Publication Details

Dawson, T., Webster, K., Lee, E. & Buttemer, W. A. (2013). High muscle mitochondrial volume and aerobic capacity in a small marsupial (Sminthopsis crassicaudata) reveals flexible links between energy-use levels in mammals. The Journal of Experimental Biology, 216 (7), 1330-1337.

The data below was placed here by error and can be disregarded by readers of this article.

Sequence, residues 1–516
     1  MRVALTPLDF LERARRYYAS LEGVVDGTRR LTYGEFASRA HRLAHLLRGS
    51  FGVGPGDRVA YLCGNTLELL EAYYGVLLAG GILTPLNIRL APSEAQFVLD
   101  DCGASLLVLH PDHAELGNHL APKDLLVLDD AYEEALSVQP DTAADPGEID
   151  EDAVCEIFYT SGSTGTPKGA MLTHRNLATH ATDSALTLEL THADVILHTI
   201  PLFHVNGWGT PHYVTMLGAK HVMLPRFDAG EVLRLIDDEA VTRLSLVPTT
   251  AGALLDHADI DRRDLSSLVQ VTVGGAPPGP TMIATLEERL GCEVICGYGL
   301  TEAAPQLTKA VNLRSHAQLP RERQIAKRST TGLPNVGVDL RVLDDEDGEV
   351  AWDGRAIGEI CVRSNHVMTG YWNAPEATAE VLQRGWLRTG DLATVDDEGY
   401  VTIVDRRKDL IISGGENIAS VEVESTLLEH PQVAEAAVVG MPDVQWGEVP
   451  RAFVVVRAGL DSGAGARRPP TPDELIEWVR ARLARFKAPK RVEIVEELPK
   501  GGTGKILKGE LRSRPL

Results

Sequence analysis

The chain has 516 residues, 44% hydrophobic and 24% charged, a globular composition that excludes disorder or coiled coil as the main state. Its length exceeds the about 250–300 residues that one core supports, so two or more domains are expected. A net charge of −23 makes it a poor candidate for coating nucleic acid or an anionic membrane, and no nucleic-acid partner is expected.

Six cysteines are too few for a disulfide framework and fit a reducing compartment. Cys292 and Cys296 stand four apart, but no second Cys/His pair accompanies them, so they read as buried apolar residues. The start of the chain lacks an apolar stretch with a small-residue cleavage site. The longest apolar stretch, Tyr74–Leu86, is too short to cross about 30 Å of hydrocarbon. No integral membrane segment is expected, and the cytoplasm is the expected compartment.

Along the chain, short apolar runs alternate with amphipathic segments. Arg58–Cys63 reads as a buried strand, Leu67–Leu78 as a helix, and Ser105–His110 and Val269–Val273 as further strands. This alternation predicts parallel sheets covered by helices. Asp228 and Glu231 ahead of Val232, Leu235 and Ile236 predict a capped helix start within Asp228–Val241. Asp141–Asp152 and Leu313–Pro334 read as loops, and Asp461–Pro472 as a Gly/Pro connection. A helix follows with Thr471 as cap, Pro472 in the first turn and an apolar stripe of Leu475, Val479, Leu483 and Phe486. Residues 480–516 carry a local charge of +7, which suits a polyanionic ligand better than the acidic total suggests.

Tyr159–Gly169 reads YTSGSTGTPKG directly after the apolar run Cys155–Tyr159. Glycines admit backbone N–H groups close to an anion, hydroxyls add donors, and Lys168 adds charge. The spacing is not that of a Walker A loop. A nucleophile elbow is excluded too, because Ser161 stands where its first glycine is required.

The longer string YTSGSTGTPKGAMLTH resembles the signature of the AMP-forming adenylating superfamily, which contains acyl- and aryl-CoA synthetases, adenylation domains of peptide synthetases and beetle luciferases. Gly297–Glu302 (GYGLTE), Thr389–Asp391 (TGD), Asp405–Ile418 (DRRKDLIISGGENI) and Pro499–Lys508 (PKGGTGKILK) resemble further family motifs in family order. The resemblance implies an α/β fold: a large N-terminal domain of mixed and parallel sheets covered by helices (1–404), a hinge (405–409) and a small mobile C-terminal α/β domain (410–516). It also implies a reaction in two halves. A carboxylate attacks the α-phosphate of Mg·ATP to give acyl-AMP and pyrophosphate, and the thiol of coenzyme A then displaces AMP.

We investigated the muscle structure–function relationships that underlie the aerobic capacity of an insectivorous, small (~15 g) marsupial, Sminthopsis crassicaudata (Family: Dasyuridae), to obtain further insight into energy use patterns in marsupials relative to those in placentals, their sister clade within the Theria (advanced mammals). Disparate hopping marsupials (Suborder Macropodiformes), a kangaroo (Macropus rufus) and a rat-kangaroo (Bettongia penicillata), show aerobic capabilities as high as those of ‘athletic’ placentals. Equivalent muscle mitochondrial volumes and cardiovascular features support these capabilities. We examined S. crassicaudata to determine whether highly developed aerobic capabilities occur elsewhere in marsupials, rather than being restricted to the more recently evolved Macropodiformes. This was the case. Treadmill-trained S. crassicaudata attained a maximal aerobic metabolic rate ( or MMR) of 272 ml O2 min−1 kg−1 (N=8), similar to that reported for a small (~20 g), ‘athletic’ placental, Apodemus sylvaticus, 264 ml O2 min−1 kg−1. Hopping marsupials have comparable aerobic levels when body mass variation is considered. Sminthopsis crassicaudata has a basal metabolic rate (BMR) about 75% of placental values but it has a notably large factorial aerobic scope (fAS) of 13; elevated fAS also features in hopping marsupials. The of S. crassicaudata was supported by an elevated total muscle mitochondrial volume, which was largely achieved through high muscle mitochondrial volume densities, Vv(mt,f), the mean value being 14.0±1.33%. These data were considered in relation to energy use levels in mammals, particularly field metabolic rate (FMR). BMR is consistently lower in marsupials, but this is balanced by a high fAS, such that marsupial MMR matches that of placentals. However, FMR shows different mass relationships in the two clades, with the FMR of small (<125 >g) marsupials, such as S. crassicaudata, being higher than that in comparably sized placentals, with the reverse applying for larger marsupials. The flexibility of energy output in marsupials provides explanations for this pattern. Overall, our data refute widely held notions of mechanistically closely linked relationships between body mass, BMR, FMR and MMR in mammals generally.

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